The impossibility of companies using data from third-party cookies is not fatal, but on the contrary presents an opportunity to enhance the use of first-party data.
Undoubtedly, the pandemic has had a lasting impact on consumer behavior, accelerating the transition to digital. During confinement, the Internet was the only way to stay in touch with family, friends, and colleagues, to enjoy or buy. However, with the loosening of restrictions, many of us have continued to shop online. According to FEVAD (Federation of E-Commerce and Distance Selling), 2021 e-commerce sales volume was 15% higher than 2020 e-commerce turnover while the holding period was shorter in 2021.
Brands can welcome an increase in volumes because in theory having more data can lead to a better understanding of customers. But with regulatory changes looming regarding the use of third-party cookies, caution is required.
In the digital marketing sector, data confidentiality has been a topic for a long time: how to improve the browsing experience of Internet users while respecting their choice about what is tracked or not. Over time, many legislative and technological changes have affected how brands collect, store and use customer data – it’s an ever-evolving field.
Today, especially in Europe, the customer is in a position to decide how brands use their data thanks to the General Data Protection Regulation (GDPR). This will be more the case at the end of 2023 when companies will no longer be able to access third-party cookies in Google Chrome, the world’s most popular browser with a 65% market share. Added to this is the fact that Apple allows users to block apps from being tracked within other apps, it’s clear that brands will have to work hard to stay relevant and connected to users in a world without cookies and privacy first.
No donuts? Not a problem !
Data provides companies with a wealth of insights into consumer behavior and preferences. They make it possible to paint a picture of the individual and communicate in the most personal way possible. Marketing managers fear that they will no longer be able to attract new customers due to the inability to use third-party cookies, which is legitimate, but they can compensate for this loss with first-party data, and consent-based brand characteristics, rather than using cookies External link. – Party cookies belonging to the platforms.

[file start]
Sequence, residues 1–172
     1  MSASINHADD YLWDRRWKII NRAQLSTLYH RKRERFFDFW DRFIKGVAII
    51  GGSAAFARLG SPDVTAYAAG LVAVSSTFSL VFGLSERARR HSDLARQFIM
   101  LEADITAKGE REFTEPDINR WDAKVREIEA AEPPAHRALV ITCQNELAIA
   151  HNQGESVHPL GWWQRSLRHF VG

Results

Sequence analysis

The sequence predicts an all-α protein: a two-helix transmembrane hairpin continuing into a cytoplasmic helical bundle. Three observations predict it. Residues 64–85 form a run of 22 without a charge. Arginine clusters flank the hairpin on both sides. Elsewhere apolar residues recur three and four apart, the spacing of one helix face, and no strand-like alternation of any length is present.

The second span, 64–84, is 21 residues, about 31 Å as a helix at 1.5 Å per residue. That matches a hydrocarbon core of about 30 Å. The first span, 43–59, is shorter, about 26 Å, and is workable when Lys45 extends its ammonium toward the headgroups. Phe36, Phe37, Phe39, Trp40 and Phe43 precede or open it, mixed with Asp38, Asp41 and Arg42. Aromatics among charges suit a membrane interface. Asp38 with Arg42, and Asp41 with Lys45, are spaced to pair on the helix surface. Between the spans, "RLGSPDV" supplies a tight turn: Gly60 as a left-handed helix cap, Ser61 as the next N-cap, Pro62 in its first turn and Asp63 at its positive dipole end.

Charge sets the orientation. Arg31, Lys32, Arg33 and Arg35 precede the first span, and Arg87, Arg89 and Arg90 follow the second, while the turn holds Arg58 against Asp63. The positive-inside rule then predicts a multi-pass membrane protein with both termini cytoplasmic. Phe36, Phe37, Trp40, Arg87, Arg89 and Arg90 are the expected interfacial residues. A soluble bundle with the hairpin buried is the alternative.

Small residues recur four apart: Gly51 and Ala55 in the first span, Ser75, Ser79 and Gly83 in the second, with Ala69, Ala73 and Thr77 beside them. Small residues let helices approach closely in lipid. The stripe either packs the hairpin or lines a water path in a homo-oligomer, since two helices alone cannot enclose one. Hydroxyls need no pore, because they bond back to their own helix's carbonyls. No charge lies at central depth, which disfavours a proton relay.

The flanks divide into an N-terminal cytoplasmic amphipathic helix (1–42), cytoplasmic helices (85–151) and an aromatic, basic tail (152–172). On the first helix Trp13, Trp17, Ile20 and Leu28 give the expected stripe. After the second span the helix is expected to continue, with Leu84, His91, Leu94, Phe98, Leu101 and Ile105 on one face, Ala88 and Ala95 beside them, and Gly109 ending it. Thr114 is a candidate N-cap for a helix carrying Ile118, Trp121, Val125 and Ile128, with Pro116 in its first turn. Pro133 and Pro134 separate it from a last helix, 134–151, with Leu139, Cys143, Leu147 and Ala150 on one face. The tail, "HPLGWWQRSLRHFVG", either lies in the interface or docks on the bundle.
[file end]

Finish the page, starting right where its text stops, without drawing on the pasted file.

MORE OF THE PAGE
Currently, brands have unlimited access to first-party data. They can easily access it through their own channels and can maximize value with every interaction with the customer. However, with consumers now being able to decide not to share their data, this flow of useful information could disappear if brands fail to demonstrate the exchange of value that accompanies an improved and personalized experience.
Consumers want brands to see them as special people: to receive the right message at the right time and on the right platform. So companies must have agile technology to collect, analyze, and act in real time. The current supply chain crisis makes it critical to be able to adapt what is being offered to customers as they are on the go. Especially as customers are looking for updated information about product availability.
Transparency rhymes with confidence
In this new “privacy first” world, companies must earn the trust of customers to continue collecting increasingly important first-party data. If a successful experience is important to the customer, it is also essential to communicate clearly about the data collected as well as why and how it is used. With the risks of cyber attacks, transparency is needed to address customer concerns when providing their data.
We should not forget that requesting a lot of data from their customers can also give a bad image. Brands should consider whether they really need a customer’s phone number if nothing or personal information (mother’s maiden name for example) is not handed over to recover an account. It is essential to select the minimum amount of data necessary to provide a successful browsing experience.
Misuse of data can damage brand reputation and lose trust among the most loyal customers. The increasing focus on data protection should be seen as an opportunity for brands to improve data usage. In fact, delivering an excellent customer experience is not only an aspirational goal for brands, but also the key to their future success.